We spent $920.26 on twitter ads for the dumbest ad ever, and It worked.

It Sort of worked.

I wanted to know what would drive clicks using promoted tweets. This was not our first foray into promoted tweets. We saw pretty dismal results with past campaigns so out of frustration I decided to turn left and just experiment to see what would drive clicks back to our WordPress hosting service.

We created a few ads with various tag lines. We attempted witty, we attempted straightforward and we attempted the absurd. In terms of raw number of engagements, the dumbest ad you could probably think of did the best.

A Shoe

Is it a dress shoe? A dance shoe? An ass-kicking shoe? It is whatever kind of shoe you want it to be. But all it was is a promoted tweet of a photo of a shoe. Thanks go to Death to Stock Photo for such an amazing shoe.


The CPC for this promoted tweet was slightly higher than the other’s we tested but the raw number of clicks it drove was 3x the nearest. Why on earth would folks respond to this idiotic promoted tweet? Perhaps people are just so tired of ads, that the novelty of an anti-ad worked. If you are curious where the link in the promoted tweet landed, it was here. A landing page for 10 challenges the Enterprise faces adopting WordPress.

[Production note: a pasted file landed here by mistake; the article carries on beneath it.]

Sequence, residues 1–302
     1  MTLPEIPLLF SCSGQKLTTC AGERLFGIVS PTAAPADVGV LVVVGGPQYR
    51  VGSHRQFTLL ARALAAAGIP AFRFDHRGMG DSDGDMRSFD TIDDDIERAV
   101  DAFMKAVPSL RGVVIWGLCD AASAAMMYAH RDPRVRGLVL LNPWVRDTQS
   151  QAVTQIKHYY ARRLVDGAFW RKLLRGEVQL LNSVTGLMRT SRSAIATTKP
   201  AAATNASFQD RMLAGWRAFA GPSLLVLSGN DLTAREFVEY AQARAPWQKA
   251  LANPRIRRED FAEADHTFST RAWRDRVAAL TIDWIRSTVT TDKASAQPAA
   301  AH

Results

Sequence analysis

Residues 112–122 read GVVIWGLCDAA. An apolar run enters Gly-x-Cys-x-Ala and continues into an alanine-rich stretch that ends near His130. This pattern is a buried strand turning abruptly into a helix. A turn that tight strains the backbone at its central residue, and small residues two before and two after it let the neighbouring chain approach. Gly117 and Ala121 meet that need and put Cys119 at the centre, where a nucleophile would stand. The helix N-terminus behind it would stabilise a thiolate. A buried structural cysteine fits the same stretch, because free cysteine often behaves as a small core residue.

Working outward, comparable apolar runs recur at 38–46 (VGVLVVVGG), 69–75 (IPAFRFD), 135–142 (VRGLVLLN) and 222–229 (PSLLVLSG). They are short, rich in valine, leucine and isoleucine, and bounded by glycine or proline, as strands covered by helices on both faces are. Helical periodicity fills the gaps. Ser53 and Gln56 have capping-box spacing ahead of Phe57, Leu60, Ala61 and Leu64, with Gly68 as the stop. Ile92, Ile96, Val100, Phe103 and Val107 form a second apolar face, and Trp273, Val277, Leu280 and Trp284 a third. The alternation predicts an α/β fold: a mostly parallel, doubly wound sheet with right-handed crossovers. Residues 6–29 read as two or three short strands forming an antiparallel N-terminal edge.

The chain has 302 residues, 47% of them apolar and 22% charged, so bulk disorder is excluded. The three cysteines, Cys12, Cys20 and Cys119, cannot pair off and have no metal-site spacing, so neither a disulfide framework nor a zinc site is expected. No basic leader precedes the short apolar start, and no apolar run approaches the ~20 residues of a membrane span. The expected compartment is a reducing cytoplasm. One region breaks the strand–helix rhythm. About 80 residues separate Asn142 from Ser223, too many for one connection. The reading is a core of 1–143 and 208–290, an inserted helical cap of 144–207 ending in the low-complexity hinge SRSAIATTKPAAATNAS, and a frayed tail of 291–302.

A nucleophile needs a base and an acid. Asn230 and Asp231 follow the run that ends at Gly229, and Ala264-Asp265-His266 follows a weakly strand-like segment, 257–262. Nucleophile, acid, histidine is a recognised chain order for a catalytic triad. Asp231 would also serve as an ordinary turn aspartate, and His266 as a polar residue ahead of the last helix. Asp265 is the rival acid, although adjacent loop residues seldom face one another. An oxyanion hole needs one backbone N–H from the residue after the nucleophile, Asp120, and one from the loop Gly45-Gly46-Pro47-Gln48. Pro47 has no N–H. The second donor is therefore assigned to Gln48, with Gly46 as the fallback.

The second best performing tweet was an attempt at being witty. Thundercloud is a name I lifted from a children’s book I read to my 3yr old son a few times a week. (Thundercloud is a hamster in this book). The aim here was to be funny, and appeal to the internet’s affinity of “AWH”. Who doesn’t like dogs? It did pretty well and actually had a lower CPC then the shoe, but for whatever reason the twitter algorithm decided the shoe was worthy and gave the shoe 2x the impressions likely rewarding the nearly 2x CTR of poor Thundercloud.


Advertising is dead, long live advertising.

I actually consider the test a success as we drove 650 clicks to the website at a $2.31 CPC which is about $20 cheaper PER CLICK then Google PPC. Yes this traffic is not as targeted and the conversion data shoes shows that this traffic is less likely to become a customer. However we further segmented this promoted tweet traffic with a retargeting campaign and the early data shows the user is coming back and spending additional time on our site.

Experiments prove or disprove a hypothesis. In this case it proved to me that twitter users like shoes.

Campaign data below for the top 3 ads from this test.


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  1. Firstly, you are spending to get no so targeted traffic and then spending again to bring that traffic to your website. Wouldn’t that increase your cost substantially?